To get everyone ready for Atlanta United’s matchup against the Portland Timbers, we spoke with Stumptown Footy’s Will Conwell to get his take on their great run of form, the weaknesses they have, and missing two players due to World Cup commitments.
DSS: Portland’s on a 10-match unbeaten streak. What have they done well over that span?
SF: Over the course of their last ten games, the Timbers have posted a 6-0-2 record in MLS play as well as picking up a pair of wins in the U.S. Open Cup over the San Jose Earthquakes and LA Galaxy. In that time, the Timbers have outscored their opponents 14 to 6, improving from one of the worst defensive records in the Western Conference to one of the best while still getting plenty of scoring from their attacking trio of Diego Valeri, Sebastian Blanco, and Fanendo Adi (or, more recently, Samuel Armenteros).
Getting a little more granular, at their most effective the Timbers are a team that controls the center of the pitch.
Lining up in a 4-3-2-1 -- the Christmas Tree -- the Timbers play a group of defensive midfielders that are effective in covering ground, shutting down passing lanes, and in general making life difficult for any team looking to get into Zone 14, the area at the top of the box out of which the most dangerous attacking moves in the game are born. In most cases, this means shepherding their opponents outside, giving up space on the wings, and allowing the sort of low-percentage crosses that physical center backs like Larrys Mabiala, Julio Cascante, and Bill Tuiloma can feast on.
The Timbers also concentrate on the center of the pitch when they are going on the attack. While they are a capable possession team when they need to be, the Timbers would much rather welcome on their opposition in order to spring a quick counter attack with their trio of attacking players, often supported by a run out of their defensive midfield. Each of the Timbers’ attacking players are capable scorers, dribblers, and passers, and the group has feasted this year when they are able to go up the gut and put defenses on the back foot.
DSS: Although they’re in great form at the moment, are there any weaknesses that still concern you?
SF: While it has not been long since the Timbers won a match -- they took down the Galaxy in Open Cup play last weekend -- their last two league matches have ended in frustrating draws that featured the side looking tired in a way that we have not seen this season.
The Timbers boast some talented players, but one cannot help but wonder at the age of several of the team’s key pieces. The Diegos, Valeri and Chara, are both 32 and have been pillars of the side since joining the Timbers in 2013 and 2011, respectively. Liam Ridgewell is 33 and has a well established history of injury problems keeping him off the pitch. Nonetheless, he is one of the Timbers most effective defenders when he is actually able to play. Even Sebastian Blanco is 30 in his second year with the team.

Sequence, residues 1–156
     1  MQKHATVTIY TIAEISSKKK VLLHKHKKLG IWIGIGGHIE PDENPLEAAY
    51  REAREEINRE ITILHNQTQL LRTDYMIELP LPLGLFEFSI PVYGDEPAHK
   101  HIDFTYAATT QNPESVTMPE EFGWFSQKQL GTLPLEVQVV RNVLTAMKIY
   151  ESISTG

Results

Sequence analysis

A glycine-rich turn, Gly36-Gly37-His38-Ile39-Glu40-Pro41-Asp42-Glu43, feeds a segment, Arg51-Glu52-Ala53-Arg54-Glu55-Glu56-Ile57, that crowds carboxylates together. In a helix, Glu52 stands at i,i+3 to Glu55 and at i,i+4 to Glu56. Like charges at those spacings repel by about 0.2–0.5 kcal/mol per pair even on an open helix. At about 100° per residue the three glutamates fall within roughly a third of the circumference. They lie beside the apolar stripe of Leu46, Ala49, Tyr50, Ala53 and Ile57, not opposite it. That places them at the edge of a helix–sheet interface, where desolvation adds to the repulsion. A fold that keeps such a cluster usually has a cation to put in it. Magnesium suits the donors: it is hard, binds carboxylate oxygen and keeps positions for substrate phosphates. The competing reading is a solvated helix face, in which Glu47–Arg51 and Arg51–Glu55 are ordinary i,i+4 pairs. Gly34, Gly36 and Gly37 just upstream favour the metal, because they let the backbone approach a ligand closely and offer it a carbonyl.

If Giovanni Saravese and company can manage the team’s minutes in such a way as to keep everyone healthy and fresh, then the Timbers should continue looking good. Still, the weariness that the side exhibited against the Galaxy in their 1-1 league draw just three weeks ago has to give one pause.
DSS: David Guzman and Andy Polo are both on World Cup duty. How big of an impact do their absences have on the Timbers?
SF: This year was supposed to be David Guzman’s chance to put his stamp on the Timbers. With Darlington Nagbe seeking his fortune elsewhere and Diego Chara advancing in age, Timbers fans were looking to Guzman to take over the center of the pitch and become the sort of pace-dictating holding midfielder that we saw glimpses of last year. Instead, the Timbers looked bad, Guzman got hurt, and Saravese made some big, big changes in the Timbers’ approach to the game.
Now, thirteen games into the season, Guzman’s place with the Timbers is hard to pin down. Other than a six minute substitute appearance just before leaving to join Costa Rica at the World Cup, Guzman has not played since March. In his absence, players like Cristhian Paredes and Andres Flores have stepped into the midfield and helped shape the way the Timbers play, providing energetic presences on the pitch more in the mold of Chara -- who appears to have totally rejected the idea that he should be losing a step -- than in line with Guzman’s more staid, stay-at-home style.
One of the players that has quietly made his mark in the midfield this season is Polo. In many ways, the young Peruvian is having a season that is the polar opposite of Guzman’s.
A young player with appearances for his national team but little else known about him, Polo has had a chance to grow into his role with the Timbers this season and after several anonymous appearances to start the year, he has become a reliable central midfielder who is willing to put in the work on defense but has the speed and confidence to get forward into the attack. Those qualities have made Polo a strong contributor in the Timbers’ 4-3-2-1, and in his absence, the Timbers have at times looked in need of a player who is as competent as Polo in the transition from defense to the attack.